It sure looked like one of Hollywood's big-budget, blockbuster send-offs. Inside the gates of Paramount, a 12-foot tall faux Statue of Liberty loomed — its head lopped off much as it is in the studio's latest horror movie, "Cloverfield." A commercial for the movie, due in theaters Jan. 18, aired on the top-rated American Idol season premiere.
But that's where the big-budget similarities end: "Cloverfield," as fierce a New York-stomping monster movie as you will ever see, may also be Exhibit A in how a Hollywood that loves its $100 million action films can learn to mend its overspending ways.
Who Needs Star Power?
"Cloverfield," according to Hollywood buzz, was made for just north of $30 million. Given Hollywood accounting, which is famous for loading on costs where you least expect to find them, the film more likely set Paramount back $40, maybe even $50 million. But that's still peanuts compared to, say, the Will Smith film "I Am Legend," which easily dinged Warner Bros.' coffers by $150 million to create its own version of New York destruction. I'm not sure that "Cloverfield" will ever sell more than $220 million in tickets, as Legend has, but I'm willing to bet that when it comes time to determine profitability, the Paramount flick may just give Will Smith and his rabid zombies a run for their money.
So how do you produce a film that stars a six-story, tail-slashing monster for less than $50 million, while throwing in crumbling bridges, collapsing skyscrapers, and even some fierce man-eating insects the size of large dogs? Well, you start with the fact that there isn't a brand-name actor in the young, good-looking crew. By contrast, Will Smith got $20 million and a big piece of the profits for "I Am Legend."
When producer J.J. Abrams, the mastermind behind the TV show Lost, decided to make a low-budget monster flick, he went with a bunch of unknowns who no doubt were happy to get a steady paycheck. The star? Michael Stahl-David got his first professional acting gig two years back in a small role on Broadway in "The Diary of Anne Frank" and he had another small role in the quickly canceled NBC series "The Black Donnellys."
An American Godzilla
"Cloverfield" is clearly an homage to the cheesy look of the Godzilla films. Abrams says he decided to make the film while on a publicity trip to Japan with his son to promote "Mission Impossible III," which Abrams directed. Abrams figured what America needed was its own Godzilla, he says. Moreover, he decided to make the movie from the vantage point of the folks being squished. The result is a film made to resemble the herky-jerky style of a camcorder. Forget the monumental, sweeping shots. The up-close and personal style makes the special effects doubly jarring. When the monster's tail snaps through the air, it whips right past your eye. When the monster's tail smashes the Brooklyn Bridge, it rumbles through your stomach. And when the Statute of Liberty's head comes hurtling down a Lower Manhattan street, you all but jump out of its way.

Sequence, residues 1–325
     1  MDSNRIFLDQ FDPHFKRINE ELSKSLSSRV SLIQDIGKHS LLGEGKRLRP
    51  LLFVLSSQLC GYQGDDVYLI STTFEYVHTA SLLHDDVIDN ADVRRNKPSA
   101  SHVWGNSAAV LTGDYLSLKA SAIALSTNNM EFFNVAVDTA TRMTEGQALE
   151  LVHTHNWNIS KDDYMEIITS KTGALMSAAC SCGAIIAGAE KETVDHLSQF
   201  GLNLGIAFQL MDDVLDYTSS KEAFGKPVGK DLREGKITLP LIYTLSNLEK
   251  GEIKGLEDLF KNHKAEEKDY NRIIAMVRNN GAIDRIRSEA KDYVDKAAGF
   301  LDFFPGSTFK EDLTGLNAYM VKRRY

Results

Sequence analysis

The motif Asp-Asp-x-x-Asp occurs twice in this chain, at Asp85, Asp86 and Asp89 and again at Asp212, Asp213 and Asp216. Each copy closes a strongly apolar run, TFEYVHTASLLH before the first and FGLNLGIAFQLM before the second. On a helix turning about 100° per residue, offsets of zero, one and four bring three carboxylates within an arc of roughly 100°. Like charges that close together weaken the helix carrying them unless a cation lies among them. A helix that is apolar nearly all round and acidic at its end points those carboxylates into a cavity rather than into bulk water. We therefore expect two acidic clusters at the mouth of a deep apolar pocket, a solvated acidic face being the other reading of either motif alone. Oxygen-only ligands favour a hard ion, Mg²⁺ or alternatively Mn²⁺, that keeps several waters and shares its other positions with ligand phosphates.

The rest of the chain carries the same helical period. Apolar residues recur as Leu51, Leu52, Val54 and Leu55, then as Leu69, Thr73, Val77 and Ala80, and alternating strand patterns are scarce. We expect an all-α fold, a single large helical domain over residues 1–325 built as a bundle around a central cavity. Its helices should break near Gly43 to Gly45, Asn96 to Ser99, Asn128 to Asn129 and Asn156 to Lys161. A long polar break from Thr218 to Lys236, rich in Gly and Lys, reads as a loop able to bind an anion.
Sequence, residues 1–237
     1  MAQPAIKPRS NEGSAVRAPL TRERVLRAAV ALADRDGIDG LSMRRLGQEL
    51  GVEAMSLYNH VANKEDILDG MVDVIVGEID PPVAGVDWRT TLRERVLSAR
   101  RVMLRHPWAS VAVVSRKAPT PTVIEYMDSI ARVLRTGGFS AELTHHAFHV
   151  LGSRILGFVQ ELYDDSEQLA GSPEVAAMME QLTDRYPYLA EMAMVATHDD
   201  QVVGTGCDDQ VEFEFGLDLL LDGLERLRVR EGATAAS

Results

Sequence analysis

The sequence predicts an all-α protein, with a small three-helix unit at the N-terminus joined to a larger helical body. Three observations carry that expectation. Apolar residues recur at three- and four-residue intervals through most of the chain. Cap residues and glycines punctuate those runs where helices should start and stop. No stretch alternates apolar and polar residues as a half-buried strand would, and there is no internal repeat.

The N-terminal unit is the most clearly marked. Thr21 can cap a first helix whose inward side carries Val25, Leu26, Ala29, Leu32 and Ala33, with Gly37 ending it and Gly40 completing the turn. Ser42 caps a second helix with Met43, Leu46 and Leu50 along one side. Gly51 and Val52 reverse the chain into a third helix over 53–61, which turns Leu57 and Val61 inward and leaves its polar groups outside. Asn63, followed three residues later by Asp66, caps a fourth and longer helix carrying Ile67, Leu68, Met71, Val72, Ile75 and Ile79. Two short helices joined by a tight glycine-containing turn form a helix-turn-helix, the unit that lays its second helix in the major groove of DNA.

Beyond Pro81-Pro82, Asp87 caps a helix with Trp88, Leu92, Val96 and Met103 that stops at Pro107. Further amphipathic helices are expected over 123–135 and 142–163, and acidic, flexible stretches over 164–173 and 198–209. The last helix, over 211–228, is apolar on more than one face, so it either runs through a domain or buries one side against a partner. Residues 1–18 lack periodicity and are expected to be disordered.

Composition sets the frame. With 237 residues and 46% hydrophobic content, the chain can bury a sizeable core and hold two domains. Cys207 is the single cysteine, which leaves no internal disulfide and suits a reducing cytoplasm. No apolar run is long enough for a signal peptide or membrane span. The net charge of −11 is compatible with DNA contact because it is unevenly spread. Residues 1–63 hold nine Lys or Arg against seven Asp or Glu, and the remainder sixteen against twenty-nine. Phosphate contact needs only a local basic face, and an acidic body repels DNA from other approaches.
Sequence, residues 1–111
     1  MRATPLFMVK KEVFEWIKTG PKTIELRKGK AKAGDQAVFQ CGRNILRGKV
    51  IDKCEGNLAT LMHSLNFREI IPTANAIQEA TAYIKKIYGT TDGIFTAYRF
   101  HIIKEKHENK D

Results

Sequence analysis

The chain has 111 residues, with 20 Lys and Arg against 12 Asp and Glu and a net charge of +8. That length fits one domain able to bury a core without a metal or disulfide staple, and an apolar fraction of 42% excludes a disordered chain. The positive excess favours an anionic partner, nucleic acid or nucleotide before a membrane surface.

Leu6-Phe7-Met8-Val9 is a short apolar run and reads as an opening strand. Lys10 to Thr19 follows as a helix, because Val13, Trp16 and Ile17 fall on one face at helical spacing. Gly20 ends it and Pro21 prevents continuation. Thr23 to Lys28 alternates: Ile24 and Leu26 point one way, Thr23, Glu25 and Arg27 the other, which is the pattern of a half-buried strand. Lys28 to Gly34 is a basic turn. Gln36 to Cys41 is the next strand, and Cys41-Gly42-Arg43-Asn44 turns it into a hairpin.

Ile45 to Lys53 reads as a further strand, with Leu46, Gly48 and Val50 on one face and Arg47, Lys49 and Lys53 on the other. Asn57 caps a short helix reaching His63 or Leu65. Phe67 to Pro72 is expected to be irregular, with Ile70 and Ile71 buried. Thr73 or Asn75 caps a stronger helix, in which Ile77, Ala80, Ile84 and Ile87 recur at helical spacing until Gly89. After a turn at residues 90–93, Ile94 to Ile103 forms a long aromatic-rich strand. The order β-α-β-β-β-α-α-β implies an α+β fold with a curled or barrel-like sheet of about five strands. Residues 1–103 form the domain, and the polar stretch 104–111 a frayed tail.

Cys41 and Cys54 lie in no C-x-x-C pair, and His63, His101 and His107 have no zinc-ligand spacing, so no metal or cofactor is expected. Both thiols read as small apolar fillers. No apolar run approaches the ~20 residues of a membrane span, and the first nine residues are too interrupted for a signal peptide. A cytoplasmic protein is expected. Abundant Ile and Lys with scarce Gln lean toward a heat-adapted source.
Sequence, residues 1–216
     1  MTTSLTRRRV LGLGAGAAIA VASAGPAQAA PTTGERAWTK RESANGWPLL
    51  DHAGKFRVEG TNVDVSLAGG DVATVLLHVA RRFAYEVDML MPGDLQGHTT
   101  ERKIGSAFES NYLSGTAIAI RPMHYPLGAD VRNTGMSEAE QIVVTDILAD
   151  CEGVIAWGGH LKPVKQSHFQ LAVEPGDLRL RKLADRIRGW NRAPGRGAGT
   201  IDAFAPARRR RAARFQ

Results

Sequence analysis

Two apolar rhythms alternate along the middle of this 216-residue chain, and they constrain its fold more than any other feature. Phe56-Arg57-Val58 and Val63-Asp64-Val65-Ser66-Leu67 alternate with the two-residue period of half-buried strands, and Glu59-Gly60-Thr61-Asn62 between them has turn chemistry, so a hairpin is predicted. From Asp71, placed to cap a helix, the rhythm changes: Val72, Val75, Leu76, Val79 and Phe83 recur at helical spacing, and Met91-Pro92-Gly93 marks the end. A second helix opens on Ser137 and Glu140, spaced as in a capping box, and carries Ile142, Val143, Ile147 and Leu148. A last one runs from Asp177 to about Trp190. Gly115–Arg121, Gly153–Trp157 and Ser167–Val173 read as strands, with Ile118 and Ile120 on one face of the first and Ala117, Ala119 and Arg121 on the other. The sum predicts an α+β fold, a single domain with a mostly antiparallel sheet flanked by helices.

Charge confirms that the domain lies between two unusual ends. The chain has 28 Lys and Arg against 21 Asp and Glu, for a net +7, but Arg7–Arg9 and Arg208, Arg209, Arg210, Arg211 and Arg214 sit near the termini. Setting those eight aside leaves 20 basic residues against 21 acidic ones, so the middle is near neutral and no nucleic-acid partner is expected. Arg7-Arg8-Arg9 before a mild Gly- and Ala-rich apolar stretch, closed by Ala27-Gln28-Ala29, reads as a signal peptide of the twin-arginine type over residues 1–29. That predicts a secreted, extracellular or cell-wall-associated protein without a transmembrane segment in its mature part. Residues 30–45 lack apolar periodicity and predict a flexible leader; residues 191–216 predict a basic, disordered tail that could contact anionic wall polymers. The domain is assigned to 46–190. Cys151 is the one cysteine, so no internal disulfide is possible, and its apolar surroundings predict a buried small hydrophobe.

Abrams and director Matt Reeves, his longtime buddy and collaborator, used high-end special effects houses to create the reptilian monster.
But to save money, you mostly get quick glimpses of the monster — a head here, a tail there — and a ton of horrified folks stumbling through New York streets as things rumble around them. (O.K., so Reeves says there is "something scary about things you don't see.")
Borrowing from The Blair Witch Project
Where the real hit-in-the-making genius of "Cloverfield" shines is in its marketing campaign, which was brilliantly designed to build suspense by giving audiences just a hint of what it was about. There was one big "Cloverfield" sighting — a theatrical trailer that ran right before screenings of Paramount's Spielberg-produced blockbuster, "Transformers."
But the trailer was more teaser than commercial and didn't even show the film's title. Pretty soon, the studio was leaking snippets of their flick to online sites, much as Artisan Entertainment did in 1999 with a low-budget horror film called "The Blair Witch Project." That film, which pioneered a new, camcorder verité style, was made for $350,000 or so and went on to gross $140 million.
Abrams describes "Cloverfield" as "a Cameron Crowe movie meets Godzilla meets The Blair Witch Project." I'm not going to tell you that "Cloverfield" will have anywhere near the profitability of "The Blair Witch Project." Few films have. And with its share of stomach-wrenching bloodiness, "Cloverfield" may not be a date movie. But it does show what Hollywood can do when it puts its mind to watching its pennies instead of signing stars. And other studios can do it as well when they put their minds to it.
Last year, Warner Bros. (TWX) turned a nifty profit with its computer-generated action flick 300, which it made for $65 million and sent off to a $211 million U.S. box office. Again: no stars, just plenty of computer-generated backdrops.
It all depends on how you measure success. I'm figuring Paramount may not have a $200 million box office on their hands. (If they thought it would be bigger, they wouldn't have released it in January.) But Abrams and friends have created a film that is a raucous, head-rattling thrill ride of a flick. And they did it for less than what Will Smith will report to the IRS for his role in "I Am Legend."